Obama Presidency bodes ill for SNL

February 3, 2009

As a McCain supporter, I can’t help but feel this nation will gain yet another crisis under an Obama presidency. No massive breadl ines will occur due to another Great Depression, but certainly a recession of presidential comedy sketches will arise.

Perhaps President Bush’s greatest legacy is that he provided solid material for comedians and sketch comedy shows during his eight years in office. I am going to deeply miss David Letterman’s “Great Moments in Presidential Speeches.” President Bush was not a master of the English language. Love him or hate him, public speaking was not his gift. Obama doesn’t have this problem, and that is the problem. 

Saturday Night Live comedian Fred Armisen’s impression of Obama is pretty accurate. He captured his speaking style, the way he clips the end of his sentences, that hand movement with his thumb and pointer finger. But the impression is still just not as funny. Obama is well-spoken, has an impeccable stage presence and never seems to let his cool demeanor slide for a moment. Obama is no Bush or even Clinton when it comes to comedic material.

SNL garnered an enormous boost in ratings from its satire on the political campaign. It even devoted an entire half hour on Thursday night to election sketches. For years, decades even, it capitalized on Bush’s verbal fumbles, Clinton’s womanizing tendencies and Gore’s robotic mannerisms. Recently, it focused its writers’ pens on McCain’s elderly moments, Palin’s obnoxious adorability and Biden’s gaffe-prone speeches. An Obama presidency is just not as funny as a McCain/Palin or Hammond/ Fey one.

I still die a little inside when I realize we won’t be watching Tina Fey playing a flute onstage as Sarah Palin. It’s a sad day for America. SNL gained a 46 percent jump in ratings over last year, much of the boost attributed to Tina Fey’s excellent impersonation of Palin. Now all we can do is watch Fred Armisen’s Obama. It’s just not the same.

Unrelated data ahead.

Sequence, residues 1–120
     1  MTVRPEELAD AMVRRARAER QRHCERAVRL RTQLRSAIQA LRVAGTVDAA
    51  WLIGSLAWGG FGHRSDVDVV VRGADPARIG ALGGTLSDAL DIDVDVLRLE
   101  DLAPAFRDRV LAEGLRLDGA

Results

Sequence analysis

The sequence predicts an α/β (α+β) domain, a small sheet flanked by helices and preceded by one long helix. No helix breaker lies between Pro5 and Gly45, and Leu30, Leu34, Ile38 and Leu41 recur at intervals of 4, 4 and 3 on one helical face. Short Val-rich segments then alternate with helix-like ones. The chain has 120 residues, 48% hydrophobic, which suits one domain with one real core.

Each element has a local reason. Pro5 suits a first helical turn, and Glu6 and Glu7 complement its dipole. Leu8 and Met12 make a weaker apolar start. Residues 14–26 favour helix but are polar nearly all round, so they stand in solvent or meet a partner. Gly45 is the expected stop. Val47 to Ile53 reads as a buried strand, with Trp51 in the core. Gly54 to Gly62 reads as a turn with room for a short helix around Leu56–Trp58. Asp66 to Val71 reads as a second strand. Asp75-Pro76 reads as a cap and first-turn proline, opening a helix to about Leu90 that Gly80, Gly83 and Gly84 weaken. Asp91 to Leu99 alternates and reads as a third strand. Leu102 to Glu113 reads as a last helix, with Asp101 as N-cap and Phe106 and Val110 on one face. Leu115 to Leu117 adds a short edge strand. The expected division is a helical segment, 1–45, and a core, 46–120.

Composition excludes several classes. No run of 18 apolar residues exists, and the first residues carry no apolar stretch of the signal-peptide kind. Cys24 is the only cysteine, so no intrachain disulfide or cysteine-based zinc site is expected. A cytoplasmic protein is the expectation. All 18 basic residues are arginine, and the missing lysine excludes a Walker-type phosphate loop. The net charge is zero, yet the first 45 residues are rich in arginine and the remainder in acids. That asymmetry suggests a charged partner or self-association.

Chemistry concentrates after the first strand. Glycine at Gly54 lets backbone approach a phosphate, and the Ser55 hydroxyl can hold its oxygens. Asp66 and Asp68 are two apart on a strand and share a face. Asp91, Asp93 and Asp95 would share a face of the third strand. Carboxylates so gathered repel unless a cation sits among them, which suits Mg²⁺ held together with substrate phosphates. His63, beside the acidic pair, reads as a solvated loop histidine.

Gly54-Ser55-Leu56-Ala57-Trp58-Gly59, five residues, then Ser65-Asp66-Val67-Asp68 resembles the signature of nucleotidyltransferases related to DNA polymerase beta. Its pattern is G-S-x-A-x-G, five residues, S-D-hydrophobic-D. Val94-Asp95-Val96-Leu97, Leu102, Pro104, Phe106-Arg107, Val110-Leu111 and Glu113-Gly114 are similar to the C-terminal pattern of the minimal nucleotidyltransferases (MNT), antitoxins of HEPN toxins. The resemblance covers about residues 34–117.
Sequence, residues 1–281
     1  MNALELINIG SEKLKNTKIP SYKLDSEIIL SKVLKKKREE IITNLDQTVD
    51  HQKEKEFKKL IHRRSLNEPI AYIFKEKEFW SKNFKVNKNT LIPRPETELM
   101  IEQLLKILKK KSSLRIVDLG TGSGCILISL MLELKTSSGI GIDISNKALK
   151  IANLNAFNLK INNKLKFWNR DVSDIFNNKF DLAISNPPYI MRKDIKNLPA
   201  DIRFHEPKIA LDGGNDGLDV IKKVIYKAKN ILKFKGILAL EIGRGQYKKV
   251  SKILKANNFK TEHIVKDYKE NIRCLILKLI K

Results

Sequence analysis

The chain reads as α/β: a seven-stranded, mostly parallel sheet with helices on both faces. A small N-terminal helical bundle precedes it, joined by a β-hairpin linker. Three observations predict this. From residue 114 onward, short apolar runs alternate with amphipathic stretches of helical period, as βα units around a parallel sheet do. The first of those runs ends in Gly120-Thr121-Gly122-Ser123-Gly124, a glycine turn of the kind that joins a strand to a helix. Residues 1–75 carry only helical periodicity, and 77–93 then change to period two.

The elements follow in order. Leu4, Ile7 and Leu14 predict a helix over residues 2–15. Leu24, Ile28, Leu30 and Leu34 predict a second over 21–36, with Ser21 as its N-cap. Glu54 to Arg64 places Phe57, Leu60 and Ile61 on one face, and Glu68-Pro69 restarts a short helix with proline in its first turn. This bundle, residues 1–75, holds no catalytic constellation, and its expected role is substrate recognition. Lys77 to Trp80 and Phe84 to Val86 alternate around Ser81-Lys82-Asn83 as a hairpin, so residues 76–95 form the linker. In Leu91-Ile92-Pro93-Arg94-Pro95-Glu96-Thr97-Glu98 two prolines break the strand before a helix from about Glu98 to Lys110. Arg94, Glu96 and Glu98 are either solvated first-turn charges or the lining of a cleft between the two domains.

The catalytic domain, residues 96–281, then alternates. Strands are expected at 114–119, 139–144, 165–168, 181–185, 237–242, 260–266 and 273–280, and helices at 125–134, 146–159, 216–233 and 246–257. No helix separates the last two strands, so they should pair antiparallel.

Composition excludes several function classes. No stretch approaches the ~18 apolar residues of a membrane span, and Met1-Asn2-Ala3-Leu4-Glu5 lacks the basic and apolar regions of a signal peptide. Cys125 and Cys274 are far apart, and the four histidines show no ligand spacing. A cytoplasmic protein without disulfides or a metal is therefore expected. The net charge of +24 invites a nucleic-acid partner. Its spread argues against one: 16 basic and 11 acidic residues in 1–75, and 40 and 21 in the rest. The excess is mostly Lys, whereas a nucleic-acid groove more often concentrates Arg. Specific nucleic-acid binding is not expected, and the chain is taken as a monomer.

I just don’t believe an Obama presidency will bring the kind of presidential impersonations we, as Americans, have enjoyed for so many years. I felt so strongly about it that I put something on my facebook status in hopes it will cause people to wake up to their decisions.

A McCain presidency would have provided more great moments for Letterman, Leno, Conan and Colbert. With the way he addressed every crowd as, “My friends,” to his relentless need to mention Joe the Plumber in every speech and debate answer. How many comedians have risen in their careers, making fun of Presidents Clinton and Bush? A McCain presidency would have been four more years of late night monologues filled with presidential comedy.

In this time of economic darkness, we need comic relief. Who will we turn to in this great hour of need? We can only hope Vice President elect Biden will rise to the occasion. For a man who told the nation that FDR spoke on television when it was actually Herbert Hoover on the radio, we can only expect great things.


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